My sister has peppercorn hair. Her hair grows close to her scalp, in tiny round black curls that look like peppercorns. Peppercorns. I think of winter, the making of soups and stews—whole spices floating in broth, a heavy-bottomed pot. I think of hopscotching across cold hardwoods, and the howl sound of an old vent, and of how to heat a house.
This is how I begin to write.
Image itself is not story, but it is a way to get to story, to feeling—and feeling is the starstuff of stories. There are, of course, other ways to get to feeling: there is dialogue; there is character; there is situation; there is pacing. But I find myself reaching toward image again and again.
I start with an image, or language around an image, that simply enchants me—that is downright arresting in its clarity and in its musicality. Sometimes I will carry it around for days and days, or even years. Sometimes I do not remember that I am carrying it. I will be in the midst of creating some "new" story—really, all my stories are old—and suddenly the image will return to me. Perhaps it is more accurate to say that the image will turn to me, as it never truly left me. Most often, when the image does turn, it is at the right moment, in the right place. Because all of that time spent carrying it has allowed me to understand it—its air, its weight, and the work it must do.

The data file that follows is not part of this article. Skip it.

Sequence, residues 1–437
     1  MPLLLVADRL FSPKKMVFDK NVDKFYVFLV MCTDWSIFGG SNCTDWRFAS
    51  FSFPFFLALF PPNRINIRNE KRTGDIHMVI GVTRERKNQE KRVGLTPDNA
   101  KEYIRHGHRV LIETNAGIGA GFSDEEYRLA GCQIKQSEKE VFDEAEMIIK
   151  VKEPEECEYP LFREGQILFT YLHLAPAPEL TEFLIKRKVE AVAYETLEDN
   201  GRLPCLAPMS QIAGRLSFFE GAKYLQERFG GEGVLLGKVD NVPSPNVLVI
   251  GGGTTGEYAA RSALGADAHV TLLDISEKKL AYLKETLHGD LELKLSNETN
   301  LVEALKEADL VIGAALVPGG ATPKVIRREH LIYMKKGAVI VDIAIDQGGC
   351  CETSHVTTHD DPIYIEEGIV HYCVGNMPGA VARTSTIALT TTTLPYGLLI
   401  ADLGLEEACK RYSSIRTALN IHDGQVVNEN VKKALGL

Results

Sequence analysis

Part of what I call my quiet work as a writer—the work that happens in the background, when I am not writing, or when I think I am not writing—is giving myself time to understand. It is joyous, but not enough, for me to love an image. I want to know why I love it, why I am drawn to it. I do not believe in writer’s block. When I have not been writing, I ask myself whether I am doing my quiet work. What am I listening toward—attending to—carrying? I begin with image. And then I begin.